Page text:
History of Donkeys – Sudan

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A donkey - like a horse, but shorter and fatter, with longer ears

History of donkeys: A donkey

Donkeys come from Africa

People probably first thought of donkeys as food, and hunted them. But by around 4000 BC people in Nubia (now northern Sudan) tamed donkeys and begun to use them to carry things from one place to another (This is about the same time as people tamed horses in Central Asia).

History of horses
More about ancient Sudan
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Egyptian painting of donkeys

History of donkeys: Donkeys in Old Kingdom Egypt (ca. 2500 BC)

Donkeys reach Asia

People may have tamed donkeys because Africa was getting warmer, and they had to change the way they lived in order to deal with that. Donkeys made trade easier, and Nubians began to trade more with Egypt. By about 3000 BC, West Asian people also used donkeys for trade, and soon after that donkeys reached India too. But donkeys didn’t spread to South Africa, probably because they caught diseases there from zebras and it killed them.

The Stone Age in India

People also used donkeys to ride on, and to plow fields in lighter soils (for heavier soils, donkeys are not strong enough, and you have to use cattle).

Plows and plowing

bronze mule

History of donkeys: a bronze charm in the shape of a mule (China, Han Dynasty, ca. 100 BC)

Donkeys reach the Mediterranean

The Mediterranean and West Asia are excellent places for donkeys, which are like horses but smaller. Donkeys quickly became very popular in West Asia and all around the Mediterranean.

West Asian economy

Donkeys reach West Africa

About 400 AD, when camel caravans started to cross the Sahara from North Africa to West Africa, they brought donkeys with them to West Africa. People used donkeys mainly to carry loads for trading, and probably trading in West Africa became much faster and more important once traders had donkeys.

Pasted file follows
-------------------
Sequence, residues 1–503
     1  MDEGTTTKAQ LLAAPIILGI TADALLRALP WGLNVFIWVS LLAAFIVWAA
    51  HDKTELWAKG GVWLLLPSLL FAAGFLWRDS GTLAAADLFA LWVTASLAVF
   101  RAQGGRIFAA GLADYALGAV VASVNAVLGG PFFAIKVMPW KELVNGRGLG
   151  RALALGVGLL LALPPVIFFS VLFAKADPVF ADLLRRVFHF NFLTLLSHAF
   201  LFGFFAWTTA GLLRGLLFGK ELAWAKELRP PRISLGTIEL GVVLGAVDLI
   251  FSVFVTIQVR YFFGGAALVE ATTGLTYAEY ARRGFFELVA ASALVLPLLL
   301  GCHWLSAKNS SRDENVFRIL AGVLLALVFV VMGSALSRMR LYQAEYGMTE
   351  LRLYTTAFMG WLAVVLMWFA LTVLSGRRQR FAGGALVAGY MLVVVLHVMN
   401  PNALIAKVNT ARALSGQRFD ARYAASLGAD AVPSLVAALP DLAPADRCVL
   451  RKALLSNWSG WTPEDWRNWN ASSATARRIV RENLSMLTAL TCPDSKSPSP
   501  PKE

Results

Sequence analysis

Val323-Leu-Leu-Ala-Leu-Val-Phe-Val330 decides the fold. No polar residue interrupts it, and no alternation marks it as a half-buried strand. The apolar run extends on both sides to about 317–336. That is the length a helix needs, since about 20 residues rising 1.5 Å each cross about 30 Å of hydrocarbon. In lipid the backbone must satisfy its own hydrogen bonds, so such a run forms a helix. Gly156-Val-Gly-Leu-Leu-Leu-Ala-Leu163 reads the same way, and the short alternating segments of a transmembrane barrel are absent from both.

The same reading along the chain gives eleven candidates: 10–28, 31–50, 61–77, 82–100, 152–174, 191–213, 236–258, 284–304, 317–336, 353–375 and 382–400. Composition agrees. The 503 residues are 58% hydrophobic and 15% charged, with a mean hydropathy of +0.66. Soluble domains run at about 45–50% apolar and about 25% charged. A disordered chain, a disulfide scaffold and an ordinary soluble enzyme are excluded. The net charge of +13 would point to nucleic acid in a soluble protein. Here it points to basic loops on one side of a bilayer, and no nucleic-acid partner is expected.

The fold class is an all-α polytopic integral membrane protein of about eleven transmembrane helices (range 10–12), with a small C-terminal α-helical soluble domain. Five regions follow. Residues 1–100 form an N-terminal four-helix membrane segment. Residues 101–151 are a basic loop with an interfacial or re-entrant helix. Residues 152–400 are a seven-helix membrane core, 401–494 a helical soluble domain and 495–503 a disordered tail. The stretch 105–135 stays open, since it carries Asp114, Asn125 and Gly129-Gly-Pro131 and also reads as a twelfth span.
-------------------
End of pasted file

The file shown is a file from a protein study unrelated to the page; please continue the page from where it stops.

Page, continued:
Islamic camel caravans
Medieval West Africa

Donkeys are strong, so they can carry heavy loads, but they are small so they don’t need as much to eat as cattle or horses do.They don’t have to stand still to digest their food, the way cattle do. And donkeys have good digestion. They’re not as delicate as horses, and they can eat practically anything.

Roman mosaic of a man feeding a donkey out of a basket

Feeding a donkey in Constantinople, 500s AD

What is a mule?

A mule is the baby of a boy donkey and a girl horse; they’re bigger and stronger than donkeys, but easier to take care of than horses. Mules were popular all across Europe, Africa, and Asia, but they can’t have their own babies.

a man holds hands up in prayer towards a donkey; a basket stands on the ground between them

Vasudeva begs the donkey (Hosaholalu, southern India, 1200s AD)

Donkeys in India and China

Throughout the time of the Persian Empire and the Roman Empire, through the Middle Ages and beyond, donkeys were very common all over Africa, Europe, and Asia (but not in South Africa).

In this carving from a Hindu temple in medieval India, the donkey is about to bray to announce the birth of Krishna. But Vasudeva, who is sneaking Krishna to safety in a basket, begs the donkey to be quiet so he won’t wake up the prison guards (compare this story to the birth of Jesus).

More about Hinduism

Learn by doing: go see a donkey in the zoo or at a state fair
More about horses

Bibliography and further reading about donkeys:

Wonders of Donkeys, by Sigmund Lavine and Vincent Scuro (1979). Easy reading.

The Definitive Donkey, by Betsy Hutchins (1999). All about donkeys, including how to train them.

Horse Power: A History of the Horse and the Donkey in Human Societies, by Juliet Clutton-Brock (1992).

Why the Donkey Did Not Go South: Disease as a Constraint on the Spread of Equus asinus into Southern Africa, by Peter Mitchell

More about Plows
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By |2018-11-01T08:41:54+00:00June 12th, 2017|Africa, Economy|0 Comments
Cite this page: Carr, K.E. History of Donkeys – Sudan. Quatr.us Study Guides, June 12, 2017. Web. December 15, 2018.

About the Author:

Dr. Karen Carr is Associate Professor Emerita, Department of History, Portland State University. She holds a doctorate in Classical Art and Archaeology from the University of Michigan. Follow her on Instagram, Pinterest, or Facebook, or buy her book, Vandals to Visigoths.

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